“When I sell liquor, it’s called bootlegging; when my patrons serve it on Lake Shore Drive, it’s called hospitality” – Al Capone
I have an old friend whose grandmother lived in Chicago during the Great Depression, and the days of Al Capone’s crime syndicate. Granny, along with the rest of the poor people in Chicago at the time, had a very different impression of Scarface than the history books might tell. To them he was a hero.
The reason for Capone’s standing was his philanthropy. His criminal activity (mostly bootlegging but a fair bit of prostitution as well) produced vast wealth, a small portion of which he redistributed to charitable organizations – including soup kitchens to feed the poor and hungry. In the Depression there were a lot of poor and hungry people, so there were a lot of grateful Chicagoans who lauded Capone (my friend’s grandmother was one of them).
[Side note: such criminal activity and ill-gotten wealth are the natural consequences of prohibition, whether of alcohol, drugs, or the adult sex-trade. When we move lucrative but immoral activities outside of the sphere of legal protection, they will find their own “protections” with crime syndicates, murder, enslavement, and even larger profit margins.]
So, were these Chicagoans unaware of Capone’s activities? Were they just too far removed from the victims that they didn’t care? Were they in dire need (yes) and willing to overlook murder to justify a means of deliverance? I suggest that at some level all these were true.
My friend recounted to me one time that he pressed his grandmother about Capone’s involvement in the St. Valentine’s Day massacre. Her response: “they deserved it.” Now that may be anecdotal, but it is also critical. Capone is doing “good” on the one hand (feeding the poor) and doing “bad” on the other hand (killing rival gangsters). Unable to cope with Capone being a bad man who did some venerable things (likely for fairly self-serving purposes) she had to find a reason why the bad wasn’t all that bad. The justification – his victims were bad people too, you see, so their murder was inevitable and perhaps even a good thing.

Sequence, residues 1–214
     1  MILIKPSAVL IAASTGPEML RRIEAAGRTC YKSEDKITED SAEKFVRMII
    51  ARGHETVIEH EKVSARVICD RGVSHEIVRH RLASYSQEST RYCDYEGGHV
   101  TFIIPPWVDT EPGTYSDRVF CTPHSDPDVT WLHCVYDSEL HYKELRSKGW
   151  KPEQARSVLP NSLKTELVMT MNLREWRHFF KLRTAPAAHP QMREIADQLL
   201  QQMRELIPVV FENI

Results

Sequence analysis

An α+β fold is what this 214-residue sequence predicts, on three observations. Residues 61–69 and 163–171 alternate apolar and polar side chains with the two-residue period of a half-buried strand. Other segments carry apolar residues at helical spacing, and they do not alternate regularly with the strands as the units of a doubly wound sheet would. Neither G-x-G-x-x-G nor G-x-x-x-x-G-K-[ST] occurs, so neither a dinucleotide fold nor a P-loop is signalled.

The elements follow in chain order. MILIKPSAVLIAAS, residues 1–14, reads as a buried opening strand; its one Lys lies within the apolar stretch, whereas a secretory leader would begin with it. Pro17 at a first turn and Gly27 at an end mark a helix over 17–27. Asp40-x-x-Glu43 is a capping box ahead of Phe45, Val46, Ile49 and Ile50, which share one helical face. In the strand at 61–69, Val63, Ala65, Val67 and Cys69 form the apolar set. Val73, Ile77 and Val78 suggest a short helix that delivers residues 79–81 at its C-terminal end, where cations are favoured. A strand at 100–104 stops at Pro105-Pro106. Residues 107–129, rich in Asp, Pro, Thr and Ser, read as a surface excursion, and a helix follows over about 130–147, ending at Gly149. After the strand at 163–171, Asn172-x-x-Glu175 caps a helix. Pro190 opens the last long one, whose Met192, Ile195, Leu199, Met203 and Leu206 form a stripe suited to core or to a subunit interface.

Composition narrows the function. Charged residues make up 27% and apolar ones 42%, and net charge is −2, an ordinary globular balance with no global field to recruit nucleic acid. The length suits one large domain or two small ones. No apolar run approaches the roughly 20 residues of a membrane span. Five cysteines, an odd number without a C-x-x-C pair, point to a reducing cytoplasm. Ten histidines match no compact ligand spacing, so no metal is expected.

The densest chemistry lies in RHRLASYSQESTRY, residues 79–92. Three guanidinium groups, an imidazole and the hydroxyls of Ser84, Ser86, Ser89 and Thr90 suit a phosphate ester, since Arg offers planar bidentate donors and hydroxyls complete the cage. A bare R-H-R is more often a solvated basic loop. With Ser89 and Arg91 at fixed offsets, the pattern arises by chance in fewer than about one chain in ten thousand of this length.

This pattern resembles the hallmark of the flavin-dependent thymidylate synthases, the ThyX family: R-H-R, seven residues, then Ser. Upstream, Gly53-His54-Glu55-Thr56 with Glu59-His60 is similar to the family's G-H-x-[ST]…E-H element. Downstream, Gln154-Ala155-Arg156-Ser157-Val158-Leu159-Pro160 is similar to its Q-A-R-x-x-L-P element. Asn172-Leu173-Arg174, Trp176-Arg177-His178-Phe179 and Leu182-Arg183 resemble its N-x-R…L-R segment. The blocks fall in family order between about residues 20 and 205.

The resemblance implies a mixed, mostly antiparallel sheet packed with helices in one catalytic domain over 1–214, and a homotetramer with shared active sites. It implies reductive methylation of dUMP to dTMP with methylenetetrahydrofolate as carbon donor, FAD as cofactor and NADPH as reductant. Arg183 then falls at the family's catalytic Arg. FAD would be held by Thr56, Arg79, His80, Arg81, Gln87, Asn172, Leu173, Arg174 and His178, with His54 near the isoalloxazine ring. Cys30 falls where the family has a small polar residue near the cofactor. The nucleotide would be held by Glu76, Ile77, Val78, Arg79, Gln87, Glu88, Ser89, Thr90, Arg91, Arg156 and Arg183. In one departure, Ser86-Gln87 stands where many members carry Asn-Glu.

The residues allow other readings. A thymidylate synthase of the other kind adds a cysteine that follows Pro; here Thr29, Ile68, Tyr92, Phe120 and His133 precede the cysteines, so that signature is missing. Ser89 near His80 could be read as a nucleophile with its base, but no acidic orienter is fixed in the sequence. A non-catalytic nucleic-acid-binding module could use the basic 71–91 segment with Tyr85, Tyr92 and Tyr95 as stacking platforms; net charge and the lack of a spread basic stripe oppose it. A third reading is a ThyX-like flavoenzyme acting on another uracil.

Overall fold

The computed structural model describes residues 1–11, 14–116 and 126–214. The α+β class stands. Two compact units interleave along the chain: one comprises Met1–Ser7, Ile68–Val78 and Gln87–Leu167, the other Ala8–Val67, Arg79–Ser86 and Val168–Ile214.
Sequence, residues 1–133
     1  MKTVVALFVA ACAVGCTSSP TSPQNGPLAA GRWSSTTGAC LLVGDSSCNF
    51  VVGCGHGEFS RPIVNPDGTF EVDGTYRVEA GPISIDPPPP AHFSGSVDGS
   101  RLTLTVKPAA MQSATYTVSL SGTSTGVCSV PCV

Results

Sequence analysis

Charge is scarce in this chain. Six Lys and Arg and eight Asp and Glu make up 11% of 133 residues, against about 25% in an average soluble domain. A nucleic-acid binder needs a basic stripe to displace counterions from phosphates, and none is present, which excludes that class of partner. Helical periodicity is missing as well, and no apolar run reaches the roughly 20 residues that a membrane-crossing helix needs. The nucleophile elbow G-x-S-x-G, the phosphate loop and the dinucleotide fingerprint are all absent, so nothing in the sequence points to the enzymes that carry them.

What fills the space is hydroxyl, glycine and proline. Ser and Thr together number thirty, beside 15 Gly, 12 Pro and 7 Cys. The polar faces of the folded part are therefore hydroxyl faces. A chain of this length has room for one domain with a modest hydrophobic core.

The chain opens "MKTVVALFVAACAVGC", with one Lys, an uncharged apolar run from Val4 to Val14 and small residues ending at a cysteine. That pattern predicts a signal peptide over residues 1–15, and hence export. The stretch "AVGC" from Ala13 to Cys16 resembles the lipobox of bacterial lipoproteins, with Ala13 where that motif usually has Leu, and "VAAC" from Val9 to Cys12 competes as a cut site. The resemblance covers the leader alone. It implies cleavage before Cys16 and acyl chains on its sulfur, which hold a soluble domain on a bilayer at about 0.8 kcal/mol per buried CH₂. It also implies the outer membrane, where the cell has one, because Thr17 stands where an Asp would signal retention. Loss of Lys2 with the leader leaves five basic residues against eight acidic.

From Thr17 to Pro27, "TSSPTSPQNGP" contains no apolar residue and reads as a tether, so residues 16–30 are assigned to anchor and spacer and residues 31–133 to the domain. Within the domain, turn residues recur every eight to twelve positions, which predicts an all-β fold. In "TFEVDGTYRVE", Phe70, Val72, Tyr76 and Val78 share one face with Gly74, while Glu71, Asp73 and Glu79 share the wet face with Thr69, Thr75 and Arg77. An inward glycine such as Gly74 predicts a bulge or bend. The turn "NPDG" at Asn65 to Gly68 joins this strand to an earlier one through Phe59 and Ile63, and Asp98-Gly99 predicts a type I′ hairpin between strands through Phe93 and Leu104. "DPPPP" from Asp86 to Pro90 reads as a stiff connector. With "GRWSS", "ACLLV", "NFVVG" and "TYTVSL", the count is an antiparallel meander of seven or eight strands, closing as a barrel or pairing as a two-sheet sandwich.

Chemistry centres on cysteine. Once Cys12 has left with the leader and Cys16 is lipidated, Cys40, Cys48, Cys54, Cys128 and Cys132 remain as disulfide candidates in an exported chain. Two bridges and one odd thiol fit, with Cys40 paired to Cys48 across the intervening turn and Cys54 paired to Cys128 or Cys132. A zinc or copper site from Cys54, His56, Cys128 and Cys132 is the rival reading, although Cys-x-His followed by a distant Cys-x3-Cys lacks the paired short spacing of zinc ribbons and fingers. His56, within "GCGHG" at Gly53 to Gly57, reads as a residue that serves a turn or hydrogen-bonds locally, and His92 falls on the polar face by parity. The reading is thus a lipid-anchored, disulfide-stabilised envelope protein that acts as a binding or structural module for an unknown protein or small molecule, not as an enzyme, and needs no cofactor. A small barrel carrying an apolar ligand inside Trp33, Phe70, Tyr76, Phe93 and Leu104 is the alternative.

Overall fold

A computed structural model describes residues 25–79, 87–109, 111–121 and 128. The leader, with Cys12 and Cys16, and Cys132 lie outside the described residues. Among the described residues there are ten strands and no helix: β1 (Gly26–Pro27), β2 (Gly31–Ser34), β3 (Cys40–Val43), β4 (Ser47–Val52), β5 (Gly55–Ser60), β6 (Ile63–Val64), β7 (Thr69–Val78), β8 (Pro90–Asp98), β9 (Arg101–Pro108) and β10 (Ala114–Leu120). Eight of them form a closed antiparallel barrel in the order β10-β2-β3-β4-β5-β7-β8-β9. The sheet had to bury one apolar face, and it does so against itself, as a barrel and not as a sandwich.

I propose to you that the themes of being unaware of the oppression, or too far removed from it, or willing to justify it based on the “badness” of the “victims” crops up in more places than Capone’s Chicago.
I was recently a non-participating observer to an interesting facebook flail regarding the re-election of Barack Obama (I know – you find this very surprising). The flail was started by a fellow who is a Christian missionary in Kenya who was rejoicing over the Obama victory and, at one point, labeling his opponents as racist. He received a fair bit of push-back from scripture-quoting Christians state-side and backed down (funny how scripture can call you out on your mess).
My main point is not the flail itself though, or the ludicrous “opposition to Obama = racism” charge, but the standing of Obama in Kenya. The president obviously has ties to Kenya. (Regardless of whether you think he was born in Kenya or Hawaii – nobody disputes that his father was Kenyan.) Kenya is a rather poor country. With 43 million citizens it has a per-capita GDP of $1746 per year. (For reference, America’s per-capita GDP is around $48,000, meaning you and I are about 27 times wealthier than our Kenyan counterparts.)
Somehow the Kenyans have convinced themselves that Obama is going to rescue them. I’m not sure exactly how it started, but the rumor in Kenya is that Obama is going to build schools and give Kenyan’s food and jobs. This, of course, was the rumor four years ago, but the jubilation continues with the re-election.
I have no idea if Obama has actually done anything regarding the Kenyan difficulties, or whether he has any plans to. And, I don’t hold him responsible at all for exuberant expressions and myths (if they are myths) promulgated by the Kenyans. But I do know that if Obama successfully “rescues” Kenya with food, and jobs, and schools, and homes, and money, money, money – he will only do it by taking the money from Americans to give to the Kenyans.